Join Michael McDonald for an in-depth discussion in this video Use Excel for regressions, part of Financial Forecasting with Big Data.
- [Instructor] It's time to use a hedonic prediction.…I'm in the 03_04 folder looking at…the begin employee theft file.…We've got a basic question.…Jack has assigned employees one, three, six and seven…to work today in the store.…Manager three is also working.…What should we expect the over/under on the register…to be at the end of the day?…In other words, should we expect the register…to have more cash in it versus sales?…Or should we expect the register to have less cash?…We're going to use the regression…that we ran previously to answer this question.…
So, I'm going to set up our variables as follows.…Cash in register is going to be the variable…that we're trying to predict.…Employee one, employee three, employee six…and employee seven are all working.…And manager three is working.…Now, I've got my values.…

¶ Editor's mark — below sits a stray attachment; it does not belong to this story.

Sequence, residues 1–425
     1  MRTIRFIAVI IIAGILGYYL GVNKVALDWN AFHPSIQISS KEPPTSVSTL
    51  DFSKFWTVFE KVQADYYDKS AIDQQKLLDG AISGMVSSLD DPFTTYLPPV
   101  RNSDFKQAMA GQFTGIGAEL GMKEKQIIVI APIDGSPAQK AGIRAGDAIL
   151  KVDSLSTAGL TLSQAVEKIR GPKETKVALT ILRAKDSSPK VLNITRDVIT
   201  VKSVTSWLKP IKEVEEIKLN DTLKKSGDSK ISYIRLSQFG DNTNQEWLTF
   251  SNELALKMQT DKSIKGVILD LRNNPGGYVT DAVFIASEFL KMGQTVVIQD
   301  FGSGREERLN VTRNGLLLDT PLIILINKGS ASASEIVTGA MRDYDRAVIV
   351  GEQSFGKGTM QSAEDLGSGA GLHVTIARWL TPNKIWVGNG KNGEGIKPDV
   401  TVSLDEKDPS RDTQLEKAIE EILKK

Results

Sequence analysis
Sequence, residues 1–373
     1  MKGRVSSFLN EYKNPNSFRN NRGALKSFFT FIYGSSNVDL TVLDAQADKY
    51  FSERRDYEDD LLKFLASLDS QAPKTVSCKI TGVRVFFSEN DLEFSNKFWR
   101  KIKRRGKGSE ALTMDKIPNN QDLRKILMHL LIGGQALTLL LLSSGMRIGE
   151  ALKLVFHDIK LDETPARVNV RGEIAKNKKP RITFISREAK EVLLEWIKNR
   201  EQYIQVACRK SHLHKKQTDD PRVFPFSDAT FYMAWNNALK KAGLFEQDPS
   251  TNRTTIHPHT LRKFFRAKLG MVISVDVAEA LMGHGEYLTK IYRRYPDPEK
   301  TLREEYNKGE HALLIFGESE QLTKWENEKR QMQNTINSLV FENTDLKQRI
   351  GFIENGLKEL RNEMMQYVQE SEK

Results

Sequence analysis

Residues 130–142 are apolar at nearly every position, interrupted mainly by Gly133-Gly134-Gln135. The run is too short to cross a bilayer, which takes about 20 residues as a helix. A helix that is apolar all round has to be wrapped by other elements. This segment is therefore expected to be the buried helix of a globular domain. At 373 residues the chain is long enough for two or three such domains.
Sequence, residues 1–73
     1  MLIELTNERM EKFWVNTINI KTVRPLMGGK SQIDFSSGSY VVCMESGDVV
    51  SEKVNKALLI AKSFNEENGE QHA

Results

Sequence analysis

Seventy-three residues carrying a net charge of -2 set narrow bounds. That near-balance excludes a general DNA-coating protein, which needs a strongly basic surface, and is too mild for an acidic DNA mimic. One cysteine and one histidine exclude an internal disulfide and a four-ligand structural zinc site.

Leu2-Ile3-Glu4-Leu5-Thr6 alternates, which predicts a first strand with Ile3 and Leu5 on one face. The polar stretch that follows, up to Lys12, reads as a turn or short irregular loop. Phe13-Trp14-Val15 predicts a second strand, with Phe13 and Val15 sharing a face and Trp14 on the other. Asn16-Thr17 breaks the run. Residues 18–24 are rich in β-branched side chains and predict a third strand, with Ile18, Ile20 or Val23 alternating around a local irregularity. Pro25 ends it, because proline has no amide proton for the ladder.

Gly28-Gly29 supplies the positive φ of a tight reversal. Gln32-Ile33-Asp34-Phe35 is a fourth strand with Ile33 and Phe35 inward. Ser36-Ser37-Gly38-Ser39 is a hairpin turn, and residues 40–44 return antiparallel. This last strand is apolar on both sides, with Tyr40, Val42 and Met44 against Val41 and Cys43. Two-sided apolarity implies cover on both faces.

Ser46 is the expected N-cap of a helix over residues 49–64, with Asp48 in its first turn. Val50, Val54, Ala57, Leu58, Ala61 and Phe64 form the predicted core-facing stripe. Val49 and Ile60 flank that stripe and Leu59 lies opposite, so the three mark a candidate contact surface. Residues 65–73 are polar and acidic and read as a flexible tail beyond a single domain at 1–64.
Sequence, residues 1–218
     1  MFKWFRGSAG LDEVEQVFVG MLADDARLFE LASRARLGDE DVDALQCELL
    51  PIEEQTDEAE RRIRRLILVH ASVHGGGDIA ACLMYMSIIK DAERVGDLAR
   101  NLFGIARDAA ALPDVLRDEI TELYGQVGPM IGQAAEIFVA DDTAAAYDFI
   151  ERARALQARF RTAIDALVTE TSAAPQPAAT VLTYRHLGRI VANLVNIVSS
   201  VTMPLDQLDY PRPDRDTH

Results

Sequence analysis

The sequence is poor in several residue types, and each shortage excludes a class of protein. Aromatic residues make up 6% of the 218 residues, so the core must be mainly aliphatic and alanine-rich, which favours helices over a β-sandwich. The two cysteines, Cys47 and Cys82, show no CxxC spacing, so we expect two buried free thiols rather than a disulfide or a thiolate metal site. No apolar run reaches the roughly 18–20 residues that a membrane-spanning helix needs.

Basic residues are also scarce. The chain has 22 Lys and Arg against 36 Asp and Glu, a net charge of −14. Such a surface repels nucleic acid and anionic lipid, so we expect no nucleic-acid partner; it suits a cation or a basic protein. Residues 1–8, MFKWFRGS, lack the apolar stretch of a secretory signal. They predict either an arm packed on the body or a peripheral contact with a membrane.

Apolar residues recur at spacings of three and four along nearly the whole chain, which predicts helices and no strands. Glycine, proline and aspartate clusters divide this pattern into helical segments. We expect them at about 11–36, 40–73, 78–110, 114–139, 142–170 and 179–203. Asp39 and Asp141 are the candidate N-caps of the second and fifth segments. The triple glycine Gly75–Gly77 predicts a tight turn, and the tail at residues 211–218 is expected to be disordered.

I'm going to use my Y and my Xs here.…In this case, employee one, three, six and seven…and manager three are all working…so each of them get a one.…I'm not showing this, but if we wanted to add,…say, manager two, we could.…
Join Professor Michael McDonald and discover how to use predictive analytics to forecast key performance indicators of interest, such as quarterly sales, projected cash flow, or even optimized product pricing. All you need is Microsoft Excel. Michael uses the built-in formulas, functions, and calculations to perform regression analysis, calculate confidence intervals, and stress test your results. You'll walk away from the course able to immediately begin creating forecasts for your own business needs.
- List the two methods of making decisions.
- Identify the most common method of conventional financial forecasting.
- Describe common challenges that come when trying to merge data.
- Assess the types of questions that business intelligence is best suited to answer.
- Distinguish the statistic that is most useful for estimating the impact of an X variable on a Y variable.